For Clinton, one number stands out: her 47 percent support is static – the same as it was last fall. Speaking of that number, only 47 percent of the state’s electorate has a favorable opinion of her. It’s not the stuff of enthusiasm. And it adds to the intrigue of why Clinton’s campaign, despite its historic nature, has all the electricity of a Tesla that’s low on juice.
Not that Republicans are in any position to gloat. The current divide among Trump, Cruz and Kasich reflects a rift that’s existed in these parts for the better part of two decades.
Republicans unwavering in their conservatism line up behind Cruz and his strict constructionist view of the world. The adapt-or-die sect of the party that wants an immigration reform deal and isn’t inherently anti-government gravitates toward the more conciliatory Kasich. That leaves Trump to scoop up those Republicans mad at ... gee, where do we begin? The political ruling class, foreigners, PC rules and restrictions.
That rift will be on display at next weekend’s state Republican convention in Burlingame, just south of San Francisco International Airport. Normally an affair that doesn’t attract much in the way of national attention as it’s lucky to draw top-tier Republican talent, the convention will features speeches by all three of the GOP contenders.
Speaking of rejuvenation, we have a nonpolitical spectacle that will occur back East as soon as this week: billions of cicadas coming out of the ground in eastern Ohio, Pennsylvania and West Virginia (relax, the only way they’ll get to California is on an airplane).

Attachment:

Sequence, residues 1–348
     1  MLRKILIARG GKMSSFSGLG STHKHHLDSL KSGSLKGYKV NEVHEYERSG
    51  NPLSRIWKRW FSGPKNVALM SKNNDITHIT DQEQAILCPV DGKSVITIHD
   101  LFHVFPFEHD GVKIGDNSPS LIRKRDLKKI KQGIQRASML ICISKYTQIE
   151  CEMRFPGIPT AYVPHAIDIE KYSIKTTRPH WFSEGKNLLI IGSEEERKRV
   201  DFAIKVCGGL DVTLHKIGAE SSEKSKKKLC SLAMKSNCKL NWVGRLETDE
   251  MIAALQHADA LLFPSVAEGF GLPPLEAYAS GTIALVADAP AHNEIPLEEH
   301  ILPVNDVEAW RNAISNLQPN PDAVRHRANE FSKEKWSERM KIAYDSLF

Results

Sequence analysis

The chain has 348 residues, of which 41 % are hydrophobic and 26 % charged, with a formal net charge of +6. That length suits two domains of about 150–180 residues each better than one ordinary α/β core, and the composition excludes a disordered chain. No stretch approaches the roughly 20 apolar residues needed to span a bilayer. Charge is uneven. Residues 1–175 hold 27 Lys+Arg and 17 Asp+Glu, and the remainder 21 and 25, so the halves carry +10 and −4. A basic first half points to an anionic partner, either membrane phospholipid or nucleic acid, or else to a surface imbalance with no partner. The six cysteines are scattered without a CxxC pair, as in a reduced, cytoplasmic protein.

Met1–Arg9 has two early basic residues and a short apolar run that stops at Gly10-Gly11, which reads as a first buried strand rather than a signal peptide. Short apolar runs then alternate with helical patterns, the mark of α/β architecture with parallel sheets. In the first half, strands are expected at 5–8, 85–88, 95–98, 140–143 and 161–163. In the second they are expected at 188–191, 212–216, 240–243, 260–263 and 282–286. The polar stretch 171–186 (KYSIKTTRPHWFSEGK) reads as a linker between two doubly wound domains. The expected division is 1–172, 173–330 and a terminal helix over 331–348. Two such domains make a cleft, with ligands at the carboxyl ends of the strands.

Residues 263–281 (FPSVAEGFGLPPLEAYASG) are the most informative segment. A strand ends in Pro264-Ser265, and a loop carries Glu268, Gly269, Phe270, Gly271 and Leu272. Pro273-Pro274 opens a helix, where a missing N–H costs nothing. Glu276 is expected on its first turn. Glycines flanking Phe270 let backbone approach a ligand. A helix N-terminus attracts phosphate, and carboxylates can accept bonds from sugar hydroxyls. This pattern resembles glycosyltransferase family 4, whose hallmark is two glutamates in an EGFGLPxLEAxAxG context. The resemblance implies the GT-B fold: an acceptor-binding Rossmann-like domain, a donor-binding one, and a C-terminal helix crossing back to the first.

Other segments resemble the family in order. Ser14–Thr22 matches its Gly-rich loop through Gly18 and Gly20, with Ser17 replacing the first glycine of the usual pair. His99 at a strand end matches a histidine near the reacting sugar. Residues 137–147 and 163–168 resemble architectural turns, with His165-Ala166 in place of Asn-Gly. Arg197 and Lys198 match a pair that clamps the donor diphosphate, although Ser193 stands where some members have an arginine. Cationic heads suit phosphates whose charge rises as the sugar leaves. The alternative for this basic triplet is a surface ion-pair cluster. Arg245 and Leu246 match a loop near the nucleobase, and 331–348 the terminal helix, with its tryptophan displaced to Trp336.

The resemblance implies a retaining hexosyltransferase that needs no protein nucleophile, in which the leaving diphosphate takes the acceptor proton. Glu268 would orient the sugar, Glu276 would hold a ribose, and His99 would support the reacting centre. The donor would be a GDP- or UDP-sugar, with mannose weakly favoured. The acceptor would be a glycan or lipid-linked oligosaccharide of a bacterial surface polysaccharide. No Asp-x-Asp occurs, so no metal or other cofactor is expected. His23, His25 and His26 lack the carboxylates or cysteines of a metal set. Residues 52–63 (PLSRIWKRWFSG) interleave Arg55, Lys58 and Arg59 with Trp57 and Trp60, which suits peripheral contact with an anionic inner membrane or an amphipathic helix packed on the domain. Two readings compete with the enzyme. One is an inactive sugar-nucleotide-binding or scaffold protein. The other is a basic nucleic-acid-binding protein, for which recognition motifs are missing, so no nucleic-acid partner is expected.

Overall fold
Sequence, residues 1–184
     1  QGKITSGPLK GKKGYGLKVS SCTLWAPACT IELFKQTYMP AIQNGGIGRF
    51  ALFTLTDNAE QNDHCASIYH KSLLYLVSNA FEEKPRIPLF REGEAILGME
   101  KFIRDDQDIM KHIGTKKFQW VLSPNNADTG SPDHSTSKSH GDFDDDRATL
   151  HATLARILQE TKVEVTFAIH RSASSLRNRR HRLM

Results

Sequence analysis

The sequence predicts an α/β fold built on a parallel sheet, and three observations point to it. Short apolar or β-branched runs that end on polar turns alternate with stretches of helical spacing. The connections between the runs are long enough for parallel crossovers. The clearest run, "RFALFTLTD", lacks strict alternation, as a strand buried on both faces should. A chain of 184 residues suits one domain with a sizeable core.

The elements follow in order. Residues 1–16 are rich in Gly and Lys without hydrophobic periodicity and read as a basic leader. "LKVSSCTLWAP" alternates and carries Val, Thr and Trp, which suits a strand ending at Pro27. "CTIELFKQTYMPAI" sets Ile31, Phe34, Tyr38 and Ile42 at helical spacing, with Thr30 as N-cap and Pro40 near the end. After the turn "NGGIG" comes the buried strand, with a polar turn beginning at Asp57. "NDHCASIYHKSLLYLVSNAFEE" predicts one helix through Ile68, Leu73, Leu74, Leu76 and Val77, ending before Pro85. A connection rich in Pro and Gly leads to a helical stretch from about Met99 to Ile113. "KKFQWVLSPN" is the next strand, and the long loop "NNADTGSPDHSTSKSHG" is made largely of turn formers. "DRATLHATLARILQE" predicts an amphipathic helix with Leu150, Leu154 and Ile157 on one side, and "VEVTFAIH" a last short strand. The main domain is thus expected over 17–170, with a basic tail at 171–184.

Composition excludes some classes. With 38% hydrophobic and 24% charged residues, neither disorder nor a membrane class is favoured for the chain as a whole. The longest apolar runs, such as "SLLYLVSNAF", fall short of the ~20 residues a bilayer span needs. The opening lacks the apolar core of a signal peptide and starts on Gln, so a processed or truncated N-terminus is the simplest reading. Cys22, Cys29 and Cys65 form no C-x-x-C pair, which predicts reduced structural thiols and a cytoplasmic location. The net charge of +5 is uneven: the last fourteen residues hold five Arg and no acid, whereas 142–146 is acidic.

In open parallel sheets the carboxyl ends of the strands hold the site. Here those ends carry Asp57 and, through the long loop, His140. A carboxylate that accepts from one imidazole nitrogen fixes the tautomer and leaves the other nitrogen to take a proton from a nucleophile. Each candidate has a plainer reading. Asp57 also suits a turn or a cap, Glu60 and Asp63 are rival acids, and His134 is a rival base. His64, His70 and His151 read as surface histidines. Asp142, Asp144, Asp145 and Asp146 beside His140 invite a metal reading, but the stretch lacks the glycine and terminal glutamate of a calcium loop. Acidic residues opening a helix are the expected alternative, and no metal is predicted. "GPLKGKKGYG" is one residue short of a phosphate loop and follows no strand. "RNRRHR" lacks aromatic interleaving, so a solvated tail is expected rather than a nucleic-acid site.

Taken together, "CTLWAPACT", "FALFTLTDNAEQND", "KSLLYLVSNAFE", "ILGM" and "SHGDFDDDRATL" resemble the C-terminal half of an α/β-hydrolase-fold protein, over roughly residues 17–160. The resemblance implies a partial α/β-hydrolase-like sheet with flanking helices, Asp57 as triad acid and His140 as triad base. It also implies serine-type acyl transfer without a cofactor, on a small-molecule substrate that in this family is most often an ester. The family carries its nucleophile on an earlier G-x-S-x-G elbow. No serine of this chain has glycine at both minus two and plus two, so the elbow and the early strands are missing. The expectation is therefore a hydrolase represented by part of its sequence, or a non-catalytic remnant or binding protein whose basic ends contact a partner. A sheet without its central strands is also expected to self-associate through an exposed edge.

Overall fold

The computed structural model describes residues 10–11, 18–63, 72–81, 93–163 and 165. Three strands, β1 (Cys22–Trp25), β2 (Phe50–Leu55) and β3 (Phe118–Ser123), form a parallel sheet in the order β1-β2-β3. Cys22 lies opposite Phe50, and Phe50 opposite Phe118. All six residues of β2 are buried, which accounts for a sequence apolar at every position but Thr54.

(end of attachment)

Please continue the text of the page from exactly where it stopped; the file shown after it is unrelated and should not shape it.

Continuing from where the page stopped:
For 17 years, these bugs do little other than hide beneath the earth, sucking sugar out of tree roots, as opposed to politicians who suck the life out of donors every four years.
Their lone purpose for resurfacing? Reproduction. Not making America great, restoring constitutional principles, making Wall Street do a perp walk, or continuing a family’s political dynasty.
Cicadas are noisy but ultimately harmless. And after this swarm tends to its business, it won’t reappear until 2033.
Would that we could say the same about this election.
Bill Whalen is a Hoover Institution research fellow and former speechwriter for former Gov. Pete Wilson. Contact Whalen at firstname.lastname@example.org.